D-backs send Miller to Reno in search for answers
PHOENIX — The search for answers to Shelby Miller’s season-long pitching struggles will shift from Phoenix to Reno.
D-backs general manager Dave Stewart announced Thursday that Miller has been optioned to the Triple-A Reno Aces.
Miller, acquired for outfielder Ender Inciarte, pitcher Aaron Blair and the organization’s top prospect, shortstop Dansby Swanson, to be the No. 2 starter in the rotation, has struggled from the start of the season, compiling a 2-9 record with a 7.14 earned run average in 14 starts.
Miller said he was not surprised by the decision.
"I’ve been struggling up here for a while," he said in the Arizona clubhouse Thursday. "I’m surprised I stayed up here this long."
"I told him we're not going to be the team we envisioned without Shelby Miller being the pitcher he can be," Chip Hale said.
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The D-backs hoped that Miller had gotten back on track after a stint on the disabled list with a sprained finger. He got a victory over Philadelphia in his first start upon returning, limiting the Phillies to five hits and one run in 6 2/3 innings, but he’s made three consecutive poor starts since then. In his last 17 innings, he’s given up 26 hits and 18 earned runs.
For the season, Miller has been roughed up for 87 hits, 34 walks, 13 home runs and 55 earned runs in 69 1/3 innings.
"We just have to find a way to get him back to pitching the way he can," manager Chip Hale said.
Miller’s most recent start against San Diego was typical of his season.
After blanking the Padres for three innings, he gave up five runs in the fourth when Arizona had a 4-0 lead.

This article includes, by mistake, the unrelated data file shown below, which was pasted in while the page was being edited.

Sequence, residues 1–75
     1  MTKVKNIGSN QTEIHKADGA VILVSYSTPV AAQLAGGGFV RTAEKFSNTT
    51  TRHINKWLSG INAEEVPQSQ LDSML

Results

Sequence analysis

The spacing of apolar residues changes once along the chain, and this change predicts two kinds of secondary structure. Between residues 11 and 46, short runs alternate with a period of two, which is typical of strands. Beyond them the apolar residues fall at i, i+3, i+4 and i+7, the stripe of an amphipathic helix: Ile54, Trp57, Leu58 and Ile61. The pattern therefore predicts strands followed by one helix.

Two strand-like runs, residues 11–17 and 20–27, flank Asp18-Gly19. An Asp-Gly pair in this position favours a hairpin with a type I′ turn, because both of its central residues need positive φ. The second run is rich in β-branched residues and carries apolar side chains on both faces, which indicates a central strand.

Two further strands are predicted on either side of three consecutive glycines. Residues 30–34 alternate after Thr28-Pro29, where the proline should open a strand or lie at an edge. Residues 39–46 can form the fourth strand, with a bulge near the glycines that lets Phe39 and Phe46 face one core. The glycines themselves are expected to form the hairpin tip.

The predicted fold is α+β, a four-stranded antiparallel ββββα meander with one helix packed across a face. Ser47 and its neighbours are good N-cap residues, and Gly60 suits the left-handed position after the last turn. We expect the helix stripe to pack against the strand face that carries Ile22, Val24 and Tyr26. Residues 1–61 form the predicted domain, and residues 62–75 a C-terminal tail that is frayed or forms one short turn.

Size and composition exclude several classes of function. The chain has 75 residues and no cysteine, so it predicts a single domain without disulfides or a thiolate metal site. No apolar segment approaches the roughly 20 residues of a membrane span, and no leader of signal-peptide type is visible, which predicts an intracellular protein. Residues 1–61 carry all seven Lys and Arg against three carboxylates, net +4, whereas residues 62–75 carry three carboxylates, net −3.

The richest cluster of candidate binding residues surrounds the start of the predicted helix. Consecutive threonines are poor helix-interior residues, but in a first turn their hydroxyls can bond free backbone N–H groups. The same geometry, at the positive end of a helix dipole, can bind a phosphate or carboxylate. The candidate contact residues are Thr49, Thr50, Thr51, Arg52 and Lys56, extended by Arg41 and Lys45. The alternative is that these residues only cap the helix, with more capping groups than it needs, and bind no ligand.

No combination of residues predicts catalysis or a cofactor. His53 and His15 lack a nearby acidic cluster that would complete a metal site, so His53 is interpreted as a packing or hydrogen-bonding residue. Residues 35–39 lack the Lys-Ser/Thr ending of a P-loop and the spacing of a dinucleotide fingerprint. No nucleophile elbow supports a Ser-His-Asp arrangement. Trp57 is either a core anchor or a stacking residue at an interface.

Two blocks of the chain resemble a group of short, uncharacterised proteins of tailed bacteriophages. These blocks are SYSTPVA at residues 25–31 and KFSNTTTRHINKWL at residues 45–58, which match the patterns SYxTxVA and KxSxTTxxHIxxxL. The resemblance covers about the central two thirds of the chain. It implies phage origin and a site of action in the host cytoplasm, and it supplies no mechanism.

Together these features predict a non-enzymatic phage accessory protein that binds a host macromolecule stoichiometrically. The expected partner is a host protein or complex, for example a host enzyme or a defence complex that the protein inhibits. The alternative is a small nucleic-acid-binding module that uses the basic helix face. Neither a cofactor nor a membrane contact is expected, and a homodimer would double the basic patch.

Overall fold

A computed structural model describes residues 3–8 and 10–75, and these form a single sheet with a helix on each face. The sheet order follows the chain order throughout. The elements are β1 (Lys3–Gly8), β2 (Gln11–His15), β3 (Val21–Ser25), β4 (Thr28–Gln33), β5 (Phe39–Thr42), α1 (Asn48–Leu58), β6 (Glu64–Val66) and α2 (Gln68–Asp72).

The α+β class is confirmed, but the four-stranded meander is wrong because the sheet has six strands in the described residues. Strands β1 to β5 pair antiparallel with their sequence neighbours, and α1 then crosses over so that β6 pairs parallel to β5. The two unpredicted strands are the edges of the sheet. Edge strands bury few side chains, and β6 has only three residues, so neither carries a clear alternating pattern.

"His stuff was good at times, good enough to win here," Hale said. "He just couldn’t put it together, so he’ll go down there, work on it and pitch his way back to the big leagues.
"I told him we’re not going to be the team that we envisioned without him being who Shelby Miller can be. That was my message."
In three previous seasons as a major league starter, he had never posted an ERA higher than 3.74. Last season with Atlanta, he had a 3.02 earned run average but was victimized by poor run support in compiling a 6-17 record.
Miller said he pored over videos of his pitching during the break and said he saw some differences between this year and last.
"The biggest thing is to get back to maybe a little bit simpler and not so much forcing things and trying to make a perfect pitch," he said. "I think that’s when mechanics come easier and everything kind of flows and feels free. Hopefully I can get to that point and get back up here."
Hale said Miller’s mechanics seem the same as they were last season.
"The mental side of it is just really hard to deal with," Hale said. "When you don’t have success, it festers and it gets worse."
Hale called it "a disappointing move for us to make as coaches."
"We feel like we’re here to make them better, make them better ballplayers and pitchers," he said, "and we’ve dropped the ball with him."
Miller said he had no idea how long he’d be gone.
"It could be the rest of the year, it could be a couple of weeks, who knows," he said.
Hale said Miller would have to earn his way back, like any other player.
"It’s a performance-based game," Hale said.
With Zack Greinke and Rubby De La Rosa on the 15-day disabled list, the D-backs have only three starting pitchers on the 25-man roster coming out of the All-Star break: Patrick Corbin, Archie Bradley and Robbie Ray. The team will call up left-hander Edwin Escobar prior to Friday night’s game against the Los Angeles Dodgers, but he’s not a candidate to join the rotation.
Hale said Zack Godley will come up from Triple-A Reno to join the rotation for Tuesday’s game vs. Toronto.
The D-backs have off-days on Monday and Thursday of next week, so they can get by with a short rotation until starting a 10-day, 10-game road trip on July 22.